The influence of a ferroelectric domain wall on the ballistic conductance of a single-layer graphene channel in the graphene/physical gap/ferroelectric film heterostructure has been studied in the Wentzel-Kramers-Brillouin approximation. The self-consistent numerical simulation of the electric field and the space charge dynamics in the heterostructure, as well as the approximate analytical theory, show that the contact between the domain wall and the surface creates a p-n junction in the graphene channel. We calculated that the carrier concentration induced in graphene by uncompensated ferroelectric dipoles originated from the abrupt spontaneous polarization change near the surface can reach values of about 1019 m-2, which are two orders of magnitude higher than those obtained for the graphene on non-ferroelectric substrates. Therefore, we predict that the graphene channel with the p-n junction caused by the ferroelectric domain wall would be characterized by rather a high ballistic conductivity. Moreover, the graphene p-n junction at the ferroelectric domain wall can be an excellent rectifier with a conductivity ratio of about 10 between the direct and reverse polarities of the applied voltage.

  16. Severe Spinal Cord Injury Causes Immediate Multi-cellular Dysfunction at the Chondro-Osseous Junction

    Morse, Leslie R; XU, Yan(Department of Music,Guangxi Normal University); Solomon, Bethlehem; Boyle, Lara; Yoganathan, Subbiah; Stashenko, Philip; Battaglino, Ricardo A.

    2011-01-01

    Spinal cord injury is associated with rapid bone loss and arrested long bone growth due to mechanisms that are poorly understood. In this study, we sought to determine the effects of severe T10 contusion spinal cord injury on the sublesional bone microenvironment in adolescent rats. A severe lower thoracic (vertebral T10) spinal cord injury was generated by weight drop (10 g×50 mm). Severely injured and body weight-matched uninjured male Sprague–Dawley rats were studied. At 3 and 5 days post-...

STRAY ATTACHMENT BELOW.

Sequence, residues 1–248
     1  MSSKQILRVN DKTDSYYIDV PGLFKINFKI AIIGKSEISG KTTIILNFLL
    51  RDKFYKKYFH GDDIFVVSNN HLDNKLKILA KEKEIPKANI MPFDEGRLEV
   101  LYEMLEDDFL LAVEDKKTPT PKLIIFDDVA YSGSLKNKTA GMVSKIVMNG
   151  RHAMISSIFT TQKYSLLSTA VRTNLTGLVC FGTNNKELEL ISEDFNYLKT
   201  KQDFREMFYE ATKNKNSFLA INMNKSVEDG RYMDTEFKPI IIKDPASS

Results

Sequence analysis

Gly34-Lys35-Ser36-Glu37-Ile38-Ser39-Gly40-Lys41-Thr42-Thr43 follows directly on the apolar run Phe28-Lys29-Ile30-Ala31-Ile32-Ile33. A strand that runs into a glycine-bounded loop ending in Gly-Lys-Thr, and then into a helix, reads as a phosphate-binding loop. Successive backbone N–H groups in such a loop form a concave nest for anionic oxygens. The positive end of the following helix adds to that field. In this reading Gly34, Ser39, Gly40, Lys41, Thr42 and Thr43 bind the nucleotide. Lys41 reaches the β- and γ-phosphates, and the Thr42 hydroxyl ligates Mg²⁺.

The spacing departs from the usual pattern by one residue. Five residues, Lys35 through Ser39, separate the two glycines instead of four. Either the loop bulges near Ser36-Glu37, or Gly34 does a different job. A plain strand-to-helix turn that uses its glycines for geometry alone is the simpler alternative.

17. Gold plasmonic effects on charge transport through single molecule junctions

    Adak, Olgun; Venkataraman, Latha

    2014-03-01

    We study the impact of surface plasmon polaritons, the coupling of electromagnetic waves to collective electron oscillations on metal surfaces, on the conductance of single-molecule junctions. We use a scanning-tunneling microscope based break junction setup that is built into an optical microscope to form molecular junctions. Coherent 685nm light is used to illuminate the molecular junctions formed with 4,4'-bipyridine with diffraction limited focusing performance. We employ a lock-in type technique to measure currents induced by light. Furthermore, the thermal expansion due to laser heating is mimicked by mechanically modulating inter-electrode separation. For each junction studied, we measure current, and use AC techniques to determine molecular junction resonance levels and coupling strengths. We use a cross correlations analysis technique to analyze and compare the effect of light to that of the mechanical modulation. Our results show that junction transmission characteristics are not altered under illumination, within the resolution of our instrument. We argue that photo-currents measured with lock-in techniques in these kinds of structures are due to thermal effects. This work was funded by the Center for Re-Defining Photovoltaic Efficiency through Molecule Scale Control, an EFRC funded by the US Department of Energy, Office of Basic Energy Sciences under Contract No. DESC0001085.